Privatization of health care: The harm caused by use of “agency nurses”

Ontario nurses put forward their demands at May Day 2022 action in Toronto.

The Toronto Star, on June 15, published an article by freelance contributor Armine Yalnizyan based on an interview with an agency nurse in Ontario who had, until last year, been employed in the public health care system. Agency nurses are employed by private agencies who provide staff to the public health care system to cover for staff shortages. The nurse who was interviewed was definitive in her assessment that agency nursing is “bad for the community and bad for patient care because there is no consistency, it fragments health delivery.”

Agency nurses are assigned to different health care settings for short periods. Agency nurses who fill in to cover staff shortages do not have the connection to the rest of the health care team and come in blind to patients’ history prior to their arrival.

Over the past two years some provincial governments invoked their emergency powers to deal with COVID-19 by violating contracts and forcing health care workers to work overtime, imposed changes in shifts and schedules and work assignments and denied leaves including vacations. Ontario, which has for many years had the lowest nurse to patient ratio in the country, overrode the collective agreements of nurses and other health care workers, making working conditions, which were already difficult, untenable for many.

The nurse that was interviewed does exactly the same work now as an agency nurse as she did when she was employed by the public health care system. She left her job in the public system because she could no longer endure the situation where she had to work mandatory overtime, repeatedly lost planned vacations, and was burned out from having to work short-staffed all the time. As an agency nurse she is offered assignments which she can accept or turn down, earns a higher wage than when she worked for the public sector, gets paid double time on both days of the weekend instead of only one day, and is paid her travel time. In one case in Toronto 21 nurses quit, went to work for agencies, who then sent them back to the same Intensive Care Unit at double their salaries.

The Star reports “Agency nursing has become a ticking time bomb for our system of public health care, and for the amount and quality of care we will all be able to access.”

Linda Silas, President of the Canadian Federation of Nurses Unions (CFNU), commenting on the use of agency nurses in hospitals and long-term care, pointed out to the reporter that the fees paid to the agencies who supply the nurses who work in the public health care system come from the public purse. In some cases private long-term care facilities bring in agency nurses and in most provinces those private long-term homes are also funded from the public purse. She said that in terms of the nursing shortage, “The patchwork solution is agency nursing. The long-term solution is agency nursing. Nobody is thinking about sustainability. There’s no light at the end of the tunnel.”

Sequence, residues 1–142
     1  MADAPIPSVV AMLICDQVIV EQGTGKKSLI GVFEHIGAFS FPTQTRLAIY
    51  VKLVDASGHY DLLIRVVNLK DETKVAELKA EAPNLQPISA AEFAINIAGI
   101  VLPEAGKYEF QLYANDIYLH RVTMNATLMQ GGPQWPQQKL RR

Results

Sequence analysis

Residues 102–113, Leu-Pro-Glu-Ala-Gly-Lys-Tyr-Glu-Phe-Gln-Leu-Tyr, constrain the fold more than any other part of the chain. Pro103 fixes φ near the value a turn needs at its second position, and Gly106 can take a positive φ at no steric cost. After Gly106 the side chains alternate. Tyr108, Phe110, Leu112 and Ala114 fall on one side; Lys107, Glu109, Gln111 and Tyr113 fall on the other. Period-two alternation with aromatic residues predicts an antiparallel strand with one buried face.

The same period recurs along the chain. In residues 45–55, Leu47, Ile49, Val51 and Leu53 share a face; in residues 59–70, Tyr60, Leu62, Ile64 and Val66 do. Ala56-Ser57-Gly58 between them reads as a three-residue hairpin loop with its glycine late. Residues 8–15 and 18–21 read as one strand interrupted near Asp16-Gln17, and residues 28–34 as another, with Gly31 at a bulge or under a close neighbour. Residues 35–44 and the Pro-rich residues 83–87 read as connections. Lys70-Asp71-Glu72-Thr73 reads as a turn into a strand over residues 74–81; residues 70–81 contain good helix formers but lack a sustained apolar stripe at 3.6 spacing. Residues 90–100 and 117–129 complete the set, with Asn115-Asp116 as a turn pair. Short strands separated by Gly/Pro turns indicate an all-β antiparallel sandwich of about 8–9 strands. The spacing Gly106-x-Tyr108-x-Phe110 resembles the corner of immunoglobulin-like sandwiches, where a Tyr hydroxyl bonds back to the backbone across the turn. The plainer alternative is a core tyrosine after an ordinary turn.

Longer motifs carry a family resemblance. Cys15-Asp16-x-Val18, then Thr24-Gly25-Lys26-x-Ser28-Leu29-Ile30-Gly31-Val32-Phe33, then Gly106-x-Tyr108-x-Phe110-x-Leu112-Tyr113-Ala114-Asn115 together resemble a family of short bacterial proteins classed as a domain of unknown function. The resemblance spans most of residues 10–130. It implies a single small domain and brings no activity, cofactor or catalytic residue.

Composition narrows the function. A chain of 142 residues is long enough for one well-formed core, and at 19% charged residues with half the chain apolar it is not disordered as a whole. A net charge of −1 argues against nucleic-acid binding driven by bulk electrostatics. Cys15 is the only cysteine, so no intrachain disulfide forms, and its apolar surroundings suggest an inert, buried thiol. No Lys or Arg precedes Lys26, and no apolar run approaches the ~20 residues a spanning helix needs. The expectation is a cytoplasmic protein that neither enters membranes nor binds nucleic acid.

Armine Yalnizyan comments, “the irony is if any government spent just a fraction of what they’re spending on agencies to improve wages and working conditions, they’d solve the problem [of staff shortages].”

The Canada Health Act requires that provinces and territories “must ensure all medically necessary services provided by hospitals, medical practitioners and dentists working within a hospital setting … be administered and operated on a non-profit basis by a public authority accountable to the provincial or territorial government.” Governments have systematically handed over one after another part of the health care system to private interests from international monopolies to local agencies. Nominally there is administration and operation of health care by a “public authority” but so much of the work in health care has been subcontracted that whatever public authority exists is crippled and has been rendered impotent.

The Star report concludes that patients need more and consistent care and workers need respect, and a long-term plan that is national in strategy and scope is needed to achieve that: “We did it before, when we created Medicare in 1966. Surely, with our economy 42 times bigger than it was 56 years ago, we can come up with a plan that sustains Medicare now.”

There is no doubt that a change in direction of the health care system is needed and on the current path “there is no light at the end of the tunnel.” There is also no doubt that those who profit from the privatization of health care and their representatives in government will not be the ones to bring about such change because they follow the neo-liberal path of “solving problems” by handing over everything, including the social programs for which governments are responsible, to private enterprise, along with massive funding from the public purse with little to no oversight.

Privatization blocks the working people from having any say in matters that are important to them in their work and to society which depends on them. Nurses and other frontline health care workers continue to fight for an end to government cuts and restructuring, an end to privatization and for the implementation of solutions that favour the people.

Workers’ Forum, posted June 20, 2022.

Paramedics speak out and demand solutions

Ontario paramedics who respond to 911 calls and transport patients to hospitals are speaking out about the crisis in the Emergency Medical Services (EMS) sector.  A major problem they and patients face is the long time it takes to hand patients in their care over to staff at hospital Emergency Departments which are already overburdened and short-staffed.  Until patients are handed over, ambulance paramedics are not available to answer other 911 calls.

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